The 8 Best Drum Machines to Buy in 2018

Find your rhythm

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Whether you’re an EDM producer, an electronic musician, or just looking for an alternative to a live kit, drum machines are a great option to consider because they can really help give your music and beats some extra (and maybe much needed) oomph. But searching for the right machine for your needs can seem like a complicated and intimidating process. Whether you’re looking for something compact and affordable, something to use with your digital audio workspace (DAW) software, or the absolute “money is no object” workhorse, we’ve put together a handy guide that breaks down the best drum machines out there, category by category. Read on for our top picks from Korg, Alesis, Roland and more.

Our Top Picks

Best Overall: Alesis SR-18

Alesis SR-18 Drum Machine
Courtesy of Guitar Center

Factoring in industry popularity, history, and features, the Alesis SR-18 rises to the top of our list as the all-around best option. It has 500 of the best percussion sounds and 50 of the best bass patches built right into the device, which amounts to about 32GB of internalized sounds. There are also built-in effects, including reverb and compression, plus a pattern-play mode that lets you kick off standalone beats with the single push of a button. You can even mute and solo parts of these patterns just like you would on a DAW. The backlit LCD is clear and bright, giving you great access and control. There are even outboard footswitch jacks for an added level of control in live performances. And, at a moderate price point, this is the meat-and-potatoes drum machine for most situations.

Runner-Up, Best Overall: Korg Volca Analog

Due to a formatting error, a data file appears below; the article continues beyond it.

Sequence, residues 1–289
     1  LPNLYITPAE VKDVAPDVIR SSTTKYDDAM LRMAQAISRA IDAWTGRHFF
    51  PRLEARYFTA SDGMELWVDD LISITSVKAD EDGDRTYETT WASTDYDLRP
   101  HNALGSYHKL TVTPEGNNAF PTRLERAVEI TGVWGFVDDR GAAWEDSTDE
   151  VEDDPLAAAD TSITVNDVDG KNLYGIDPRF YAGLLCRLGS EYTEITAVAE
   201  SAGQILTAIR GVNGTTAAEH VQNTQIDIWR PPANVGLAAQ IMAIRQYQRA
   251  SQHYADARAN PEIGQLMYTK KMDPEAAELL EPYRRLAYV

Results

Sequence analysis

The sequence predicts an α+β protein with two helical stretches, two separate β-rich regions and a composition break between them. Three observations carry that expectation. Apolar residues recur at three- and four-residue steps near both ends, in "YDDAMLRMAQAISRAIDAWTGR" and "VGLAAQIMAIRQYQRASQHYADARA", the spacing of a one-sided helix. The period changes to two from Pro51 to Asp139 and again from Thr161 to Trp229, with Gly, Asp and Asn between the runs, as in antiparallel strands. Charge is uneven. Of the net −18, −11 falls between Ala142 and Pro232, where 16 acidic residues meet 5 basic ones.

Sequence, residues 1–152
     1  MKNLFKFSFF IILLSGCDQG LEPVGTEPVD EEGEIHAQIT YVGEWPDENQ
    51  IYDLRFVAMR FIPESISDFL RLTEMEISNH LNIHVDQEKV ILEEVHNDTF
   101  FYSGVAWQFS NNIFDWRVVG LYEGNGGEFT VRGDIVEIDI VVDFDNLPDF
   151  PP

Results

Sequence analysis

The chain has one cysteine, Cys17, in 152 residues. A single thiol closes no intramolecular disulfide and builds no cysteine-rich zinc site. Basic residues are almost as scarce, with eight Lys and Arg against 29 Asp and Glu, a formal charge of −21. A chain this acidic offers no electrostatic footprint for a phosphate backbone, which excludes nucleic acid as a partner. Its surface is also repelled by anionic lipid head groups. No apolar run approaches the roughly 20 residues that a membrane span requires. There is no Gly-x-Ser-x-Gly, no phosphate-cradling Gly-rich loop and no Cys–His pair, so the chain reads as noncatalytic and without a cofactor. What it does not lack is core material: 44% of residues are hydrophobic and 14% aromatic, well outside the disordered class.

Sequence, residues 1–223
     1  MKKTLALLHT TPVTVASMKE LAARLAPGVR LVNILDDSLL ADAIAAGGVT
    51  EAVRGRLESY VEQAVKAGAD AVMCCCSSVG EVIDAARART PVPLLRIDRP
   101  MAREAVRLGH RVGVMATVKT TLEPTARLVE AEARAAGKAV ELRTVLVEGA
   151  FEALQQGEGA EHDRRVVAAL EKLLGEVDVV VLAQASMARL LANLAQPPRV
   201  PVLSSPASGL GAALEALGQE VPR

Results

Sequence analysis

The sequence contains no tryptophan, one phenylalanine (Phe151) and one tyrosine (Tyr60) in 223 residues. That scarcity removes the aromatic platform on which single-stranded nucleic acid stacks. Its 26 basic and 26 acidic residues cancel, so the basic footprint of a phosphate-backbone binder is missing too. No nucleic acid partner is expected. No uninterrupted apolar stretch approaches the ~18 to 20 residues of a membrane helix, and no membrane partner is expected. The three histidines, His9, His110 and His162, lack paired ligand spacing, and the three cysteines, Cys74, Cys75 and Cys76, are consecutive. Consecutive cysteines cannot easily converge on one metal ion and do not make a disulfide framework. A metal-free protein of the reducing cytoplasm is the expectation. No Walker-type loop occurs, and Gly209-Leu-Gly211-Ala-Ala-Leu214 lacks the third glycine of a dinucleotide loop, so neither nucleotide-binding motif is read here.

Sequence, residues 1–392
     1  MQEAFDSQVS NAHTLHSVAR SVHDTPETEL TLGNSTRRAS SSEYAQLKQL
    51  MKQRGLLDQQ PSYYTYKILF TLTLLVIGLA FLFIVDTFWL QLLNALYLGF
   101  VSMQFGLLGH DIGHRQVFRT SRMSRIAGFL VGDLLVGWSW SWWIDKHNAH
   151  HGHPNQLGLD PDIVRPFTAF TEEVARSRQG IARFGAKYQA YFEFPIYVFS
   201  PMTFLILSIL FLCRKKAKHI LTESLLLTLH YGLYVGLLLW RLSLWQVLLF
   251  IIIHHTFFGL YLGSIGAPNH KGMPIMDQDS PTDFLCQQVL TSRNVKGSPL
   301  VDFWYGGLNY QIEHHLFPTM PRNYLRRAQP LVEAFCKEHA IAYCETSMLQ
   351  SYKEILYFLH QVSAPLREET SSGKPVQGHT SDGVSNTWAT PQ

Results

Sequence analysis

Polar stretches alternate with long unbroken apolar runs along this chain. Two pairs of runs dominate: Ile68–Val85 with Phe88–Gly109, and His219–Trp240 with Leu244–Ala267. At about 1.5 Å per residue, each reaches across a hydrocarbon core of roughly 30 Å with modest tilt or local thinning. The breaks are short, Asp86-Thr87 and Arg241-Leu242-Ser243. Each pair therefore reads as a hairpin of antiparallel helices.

Korg Volca Beats Analog Drum Machine
Courtesy of Guitar Center

For our runner-up pick, we turn to Korg, one of the most prominent brands in the space. What really caught our attention was the quality of sound you get out of the Korg Volca series. This machine is a true-analog synth, getting its beats and percussion sounds from analog oscillators and incorporating classic sounds from the monotron, monotribe and MS-20 Mini synths in a single package. There are six editable sounds that you can cue up, and Korg has streamlined the editing down to one knob to take the guesswork out of live sound-shaping. The Volca Analog also has an Electribe-inspired 16-step sequencer built right in, with eight memory patches to cue in whatever beats you want. The built-in step jump function also does exactly what it sounds like — it’ll kick off the beat only at the step you’re pressing, which is great for pickup measures and more complicated cues. All in all, the Korg Volca Analog amounts to a powerful tool for any EDM DJ.

Best Budget: Alesis SR-16

Alesis SR-16
Courtesy of Guitar Center

When it comes to finding the best features at the best price, the Alesis SR-16 is a fantastic deal. Its four audio outputs are bundled into stereo pairs and feed your beats out to a system or into your DAW for studio work. The 12 velocity-sensitive pads — assisted by Alesis’s Dynamic Articulation technology — let you play your beats as close to real drums as possible. There are 200 preset grooves and songs with 200 user-programmable options, as well as 50 preset drum kits with the ability to program an additional 50. You can also expand on the SR-16's 120-sound catalog by hooking it up to your DAW and accessing your program's sounds. The DAC here is pretty impressive, too, offering a high-quality sound depth of 24 bits. So while it might not look too flashy, what it lacks in style it makes up for in capability.

Best Splurge: Dave Smith Tempest

Dave Smith Tempest
Courtesy of Guitar Center

Housed in a vintage-inspired wooden casing, the Dave Smith Tempest looks every bit like a classic drum machine. Built with 16 velocity-sensitive pads for organic playability and tons of versatility, it also delivers an amazing combination of classic sounds and modern tech. The built-in OS comes with an impressive set of sounds and textures, as well as six analog voices (provided by two analog and two digital oscillators). The OLED screen is a bit small but very clear and bright — the small size will actually work to your advantage as it allows plenty of room for other knobs and controls. Speaking of controls, the Tempest has 90 panel controls available for a seamless workflow in a live setting. Along the left side, there are two pressure sensitive Note FX sliders that let you bend pitches, extend vibrato, and create seamless, smooth slides. The whole thing comes loaded with 928 new factory sounds, 64 new beats and 16 new projects, all to get the creativity rolling right out of the box. This piece of gear definitely has a higher price tag, but you're paying for the true cream of the crop.